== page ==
Dec. 6 (Bloomberg) -- Electricite de France SA, Europe’s biggest power generator, agreed to sell its stake in German utility EnBW Energie Baden-Wuerttemberg AG for 4.7 billion euros ($6.2 billion) to cut debt.
The state of Baden-Wurttemberg offered 41.50 euros a share, representing a 19 percent premium on its last closing price, the Paris-based company said in a statement today.
The French state-controlled utility has announced in the past four months the sale of its U.K. grid and a deal to take control of a joint venture to develop atomic reactors in the U.S. It also has a minority stake in Edison SpA, Italy’s second-largest power producer.
“EDF has a stable outlook at all ratings agencies but its credit ratings are stretched,” said Christian Kleindienst, an analyst at Unicredit SpA in Munich. The utility is now “concentrating” on Edison and the Italian market, he said.
EDF owns a 45 percent stake in EnBW while OEW, the other major shareholder made up of local authorities, won’t sell its stake to the German land or exercise a put option against EDF for part of its holding, the French utility said. EnBW, which has nuclear, hydroelectric and thermal power plants, said the German state plans to place the shares back in the capital market.
EDF had already reached its target for asset sales with the U.K. grid deal, Chief Financial Officer Thomas Piquemal said in September. That agreement lowered EDF’s debt by 6.8 billion euros. The German deal will allow EDF to reduce debt by about 7 billion euros, resulting in “increased financial flexibility,” according to EDF’s statement today.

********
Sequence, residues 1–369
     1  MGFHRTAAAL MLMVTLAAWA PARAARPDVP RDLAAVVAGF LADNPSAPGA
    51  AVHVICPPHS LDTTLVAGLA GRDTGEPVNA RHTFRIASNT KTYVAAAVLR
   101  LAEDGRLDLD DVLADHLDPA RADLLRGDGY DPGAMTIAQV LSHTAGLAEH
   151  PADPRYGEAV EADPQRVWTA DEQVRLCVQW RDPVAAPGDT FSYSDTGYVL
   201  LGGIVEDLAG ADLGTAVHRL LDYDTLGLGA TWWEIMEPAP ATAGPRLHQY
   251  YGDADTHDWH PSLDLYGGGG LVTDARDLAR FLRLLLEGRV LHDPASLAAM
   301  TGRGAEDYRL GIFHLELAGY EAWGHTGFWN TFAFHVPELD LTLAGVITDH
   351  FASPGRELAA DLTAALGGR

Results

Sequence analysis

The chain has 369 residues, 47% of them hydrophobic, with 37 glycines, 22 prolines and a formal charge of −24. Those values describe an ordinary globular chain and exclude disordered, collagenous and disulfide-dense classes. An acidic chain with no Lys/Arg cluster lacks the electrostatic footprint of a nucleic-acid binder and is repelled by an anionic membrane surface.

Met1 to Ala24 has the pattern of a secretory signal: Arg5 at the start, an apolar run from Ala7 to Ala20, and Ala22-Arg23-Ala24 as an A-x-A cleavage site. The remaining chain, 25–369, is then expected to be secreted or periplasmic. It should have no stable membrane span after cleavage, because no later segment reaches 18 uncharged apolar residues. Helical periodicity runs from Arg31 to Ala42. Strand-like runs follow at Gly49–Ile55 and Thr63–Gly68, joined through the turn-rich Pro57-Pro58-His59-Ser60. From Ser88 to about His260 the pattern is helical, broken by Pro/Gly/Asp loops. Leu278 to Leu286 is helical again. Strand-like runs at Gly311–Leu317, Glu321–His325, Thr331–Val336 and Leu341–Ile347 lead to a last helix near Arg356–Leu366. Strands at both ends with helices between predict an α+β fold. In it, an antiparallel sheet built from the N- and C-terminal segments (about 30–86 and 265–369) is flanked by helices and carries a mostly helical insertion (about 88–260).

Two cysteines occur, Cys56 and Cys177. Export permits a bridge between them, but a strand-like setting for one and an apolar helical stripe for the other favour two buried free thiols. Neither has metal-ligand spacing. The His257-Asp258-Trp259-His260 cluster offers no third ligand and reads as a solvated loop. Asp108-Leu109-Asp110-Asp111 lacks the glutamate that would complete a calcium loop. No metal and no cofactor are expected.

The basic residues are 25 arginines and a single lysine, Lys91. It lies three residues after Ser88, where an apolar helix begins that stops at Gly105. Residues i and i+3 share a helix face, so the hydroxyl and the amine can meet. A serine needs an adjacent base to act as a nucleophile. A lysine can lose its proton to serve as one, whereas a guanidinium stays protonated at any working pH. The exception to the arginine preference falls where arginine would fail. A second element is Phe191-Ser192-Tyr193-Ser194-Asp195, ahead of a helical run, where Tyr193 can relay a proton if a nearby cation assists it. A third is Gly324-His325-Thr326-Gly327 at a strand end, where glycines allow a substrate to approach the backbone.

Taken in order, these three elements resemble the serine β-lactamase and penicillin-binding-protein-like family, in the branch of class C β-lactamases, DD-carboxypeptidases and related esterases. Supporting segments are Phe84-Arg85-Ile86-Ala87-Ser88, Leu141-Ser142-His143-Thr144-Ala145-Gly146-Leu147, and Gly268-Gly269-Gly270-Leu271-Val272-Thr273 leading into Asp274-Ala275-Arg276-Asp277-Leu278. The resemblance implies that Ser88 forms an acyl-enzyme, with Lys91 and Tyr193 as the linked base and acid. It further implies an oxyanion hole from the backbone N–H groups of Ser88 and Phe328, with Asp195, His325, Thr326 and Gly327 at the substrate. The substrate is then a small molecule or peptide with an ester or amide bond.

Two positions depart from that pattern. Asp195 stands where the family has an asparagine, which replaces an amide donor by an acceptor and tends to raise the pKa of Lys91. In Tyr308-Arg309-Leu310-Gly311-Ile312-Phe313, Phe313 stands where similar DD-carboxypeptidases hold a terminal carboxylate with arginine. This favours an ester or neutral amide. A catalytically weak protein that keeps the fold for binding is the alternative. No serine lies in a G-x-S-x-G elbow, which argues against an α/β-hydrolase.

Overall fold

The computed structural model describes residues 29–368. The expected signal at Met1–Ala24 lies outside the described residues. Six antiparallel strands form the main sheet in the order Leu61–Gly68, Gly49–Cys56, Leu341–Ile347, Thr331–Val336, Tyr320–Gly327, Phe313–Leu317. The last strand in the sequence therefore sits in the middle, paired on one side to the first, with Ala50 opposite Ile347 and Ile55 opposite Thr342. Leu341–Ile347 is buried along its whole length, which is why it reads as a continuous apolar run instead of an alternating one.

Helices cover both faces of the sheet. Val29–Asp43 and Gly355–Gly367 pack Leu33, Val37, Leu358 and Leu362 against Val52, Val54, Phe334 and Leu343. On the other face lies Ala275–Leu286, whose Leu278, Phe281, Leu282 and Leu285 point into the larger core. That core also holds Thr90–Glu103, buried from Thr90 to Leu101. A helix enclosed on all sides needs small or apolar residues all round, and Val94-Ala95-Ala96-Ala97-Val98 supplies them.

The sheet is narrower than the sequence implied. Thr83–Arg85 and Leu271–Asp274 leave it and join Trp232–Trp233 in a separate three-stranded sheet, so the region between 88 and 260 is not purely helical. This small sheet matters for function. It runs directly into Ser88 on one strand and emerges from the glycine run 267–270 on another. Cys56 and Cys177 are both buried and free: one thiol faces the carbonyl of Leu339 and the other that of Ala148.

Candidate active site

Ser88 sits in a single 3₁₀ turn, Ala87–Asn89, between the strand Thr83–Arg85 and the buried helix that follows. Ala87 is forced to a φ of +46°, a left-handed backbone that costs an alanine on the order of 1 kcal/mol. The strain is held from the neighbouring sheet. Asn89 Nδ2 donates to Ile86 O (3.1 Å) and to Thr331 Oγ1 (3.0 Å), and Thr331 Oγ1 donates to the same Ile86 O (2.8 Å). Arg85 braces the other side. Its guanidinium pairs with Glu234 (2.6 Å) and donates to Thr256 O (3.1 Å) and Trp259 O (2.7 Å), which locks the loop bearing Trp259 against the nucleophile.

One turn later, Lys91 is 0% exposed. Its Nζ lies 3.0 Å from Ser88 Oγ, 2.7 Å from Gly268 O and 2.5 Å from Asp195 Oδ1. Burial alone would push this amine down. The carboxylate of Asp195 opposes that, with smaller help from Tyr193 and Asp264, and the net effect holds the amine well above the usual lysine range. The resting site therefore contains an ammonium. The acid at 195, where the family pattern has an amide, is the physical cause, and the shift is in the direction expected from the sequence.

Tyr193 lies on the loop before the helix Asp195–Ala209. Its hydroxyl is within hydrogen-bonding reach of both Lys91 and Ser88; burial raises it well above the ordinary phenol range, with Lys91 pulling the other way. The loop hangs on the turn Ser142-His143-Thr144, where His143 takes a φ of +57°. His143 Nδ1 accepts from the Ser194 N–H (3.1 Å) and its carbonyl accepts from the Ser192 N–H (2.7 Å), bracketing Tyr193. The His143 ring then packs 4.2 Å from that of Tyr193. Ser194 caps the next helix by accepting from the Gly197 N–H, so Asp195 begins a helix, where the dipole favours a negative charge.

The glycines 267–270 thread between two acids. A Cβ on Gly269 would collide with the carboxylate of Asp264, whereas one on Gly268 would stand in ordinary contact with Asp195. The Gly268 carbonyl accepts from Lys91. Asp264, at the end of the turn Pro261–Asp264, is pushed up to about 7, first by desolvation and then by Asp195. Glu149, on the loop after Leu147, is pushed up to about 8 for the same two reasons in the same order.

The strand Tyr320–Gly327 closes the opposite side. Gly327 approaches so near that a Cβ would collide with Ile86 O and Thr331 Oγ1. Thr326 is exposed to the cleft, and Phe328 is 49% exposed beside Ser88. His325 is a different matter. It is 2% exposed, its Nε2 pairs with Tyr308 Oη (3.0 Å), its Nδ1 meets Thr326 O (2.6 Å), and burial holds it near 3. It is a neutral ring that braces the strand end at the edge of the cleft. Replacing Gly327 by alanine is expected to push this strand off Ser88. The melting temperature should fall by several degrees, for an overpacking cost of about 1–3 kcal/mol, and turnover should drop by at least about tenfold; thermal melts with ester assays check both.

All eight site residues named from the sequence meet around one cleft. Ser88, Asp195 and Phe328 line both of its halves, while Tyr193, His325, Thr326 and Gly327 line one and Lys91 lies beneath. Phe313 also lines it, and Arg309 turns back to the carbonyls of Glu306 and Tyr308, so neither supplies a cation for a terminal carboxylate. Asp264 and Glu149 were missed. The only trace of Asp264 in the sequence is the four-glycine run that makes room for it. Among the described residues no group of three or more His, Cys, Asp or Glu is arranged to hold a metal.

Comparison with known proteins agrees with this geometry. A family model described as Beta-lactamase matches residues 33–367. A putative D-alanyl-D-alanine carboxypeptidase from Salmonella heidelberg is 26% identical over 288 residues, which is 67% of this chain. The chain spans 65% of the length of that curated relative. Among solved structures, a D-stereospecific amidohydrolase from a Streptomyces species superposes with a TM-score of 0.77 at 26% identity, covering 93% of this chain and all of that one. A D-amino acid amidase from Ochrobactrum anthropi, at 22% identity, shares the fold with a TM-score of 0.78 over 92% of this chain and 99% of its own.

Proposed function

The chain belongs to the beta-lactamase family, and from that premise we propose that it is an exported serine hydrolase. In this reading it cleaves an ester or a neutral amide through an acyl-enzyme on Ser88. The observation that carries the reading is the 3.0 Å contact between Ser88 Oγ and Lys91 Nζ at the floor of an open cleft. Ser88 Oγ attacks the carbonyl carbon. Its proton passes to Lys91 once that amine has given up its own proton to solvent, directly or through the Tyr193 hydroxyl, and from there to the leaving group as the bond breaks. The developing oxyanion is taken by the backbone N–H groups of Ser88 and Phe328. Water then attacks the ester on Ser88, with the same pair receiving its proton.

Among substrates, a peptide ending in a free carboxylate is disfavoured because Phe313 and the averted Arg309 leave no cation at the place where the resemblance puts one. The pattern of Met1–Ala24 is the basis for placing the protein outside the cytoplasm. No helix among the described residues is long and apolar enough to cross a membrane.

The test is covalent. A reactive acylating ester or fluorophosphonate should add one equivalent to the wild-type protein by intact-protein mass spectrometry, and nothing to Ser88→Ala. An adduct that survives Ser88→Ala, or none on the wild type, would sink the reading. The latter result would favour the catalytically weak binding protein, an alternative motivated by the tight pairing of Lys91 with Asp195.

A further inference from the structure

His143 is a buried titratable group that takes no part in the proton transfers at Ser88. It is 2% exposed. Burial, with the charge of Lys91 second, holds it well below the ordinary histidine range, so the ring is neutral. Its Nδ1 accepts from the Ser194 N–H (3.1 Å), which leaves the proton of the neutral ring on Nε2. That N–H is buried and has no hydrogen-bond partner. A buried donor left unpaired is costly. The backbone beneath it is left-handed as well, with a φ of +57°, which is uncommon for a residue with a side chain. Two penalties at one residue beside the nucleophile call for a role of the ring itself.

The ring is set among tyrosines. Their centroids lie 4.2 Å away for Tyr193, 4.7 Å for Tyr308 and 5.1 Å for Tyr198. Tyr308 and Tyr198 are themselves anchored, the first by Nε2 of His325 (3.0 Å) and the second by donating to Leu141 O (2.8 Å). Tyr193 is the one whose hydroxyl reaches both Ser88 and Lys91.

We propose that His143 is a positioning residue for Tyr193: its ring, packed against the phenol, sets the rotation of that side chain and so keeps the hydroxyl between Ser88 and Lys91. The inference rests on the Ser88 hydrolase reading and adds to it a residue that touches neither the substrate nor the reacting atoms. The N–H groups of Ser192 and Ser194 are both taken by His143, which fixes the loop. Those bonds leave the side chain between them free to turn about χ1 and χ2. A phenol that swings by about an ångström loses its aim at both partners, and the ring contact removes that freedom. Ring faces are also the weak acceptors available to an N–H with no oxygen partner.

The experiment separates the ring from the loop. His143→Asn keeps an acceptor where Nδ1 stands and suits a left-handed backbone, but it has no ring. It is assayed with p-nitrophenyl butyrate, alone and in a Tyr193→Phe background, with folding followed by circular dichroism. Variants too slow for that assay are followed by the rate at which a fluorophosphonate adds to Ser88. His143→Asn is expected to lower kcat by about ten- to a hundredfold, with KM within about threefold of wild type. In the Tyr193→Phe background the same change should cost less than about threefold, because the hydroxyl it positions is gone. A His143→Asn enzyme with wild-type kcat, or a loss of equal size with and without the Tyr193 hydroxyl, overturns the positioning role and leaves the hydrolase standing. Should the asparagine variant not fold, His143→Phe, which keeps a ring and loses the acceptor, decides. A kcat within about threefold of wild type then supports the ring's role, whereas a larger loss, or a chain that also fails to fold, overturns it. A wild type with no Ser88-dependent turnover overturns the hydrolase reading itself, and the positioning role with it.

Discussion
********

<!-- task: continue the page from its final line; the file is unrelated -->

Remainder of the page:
“EDF appears to want to focus on fewer countries,” Myriam Cohen, a financial analyst at Alphavalue SAS in Paris, said by telephone. “Energy is a very capex demanding industry. They have to invest huge amounts.”
The deal price is at a multiple of around six times EnBW’s 2011 estimated earnings before interest, taxes, depreciation and amortization, EDF said.
EnBW rose as much as 18 percent and was trading at 41.03 euros as of 2:30 p.m. in Frankfurt. EDF increased 0.8 percent to 31.86 euros in Paris.
A planned renegotiation of a EnBW shareholders’ agreement “would have taken place against a complex and uncertain economic environment,” EDF said. It didn’t offer any other explanations in the statement for the decision to sell the stake.
OEW “has decided not to sell its subordinated shares to the land and not to exercise its preemption rights” on EDF’s stake, according to EDF.
OEW had a put option against EDF for the portion of its 45 percent stake subject to a July 2000 shareholders’ agreement. That accord meant OEW could sell a 25 percent stake to EDF at any time through the end of 2011 at a price of 37.14 euros, according to EDF’s 2009 annual report. This resulted in a 2.3 billion off-balance commitment last year.
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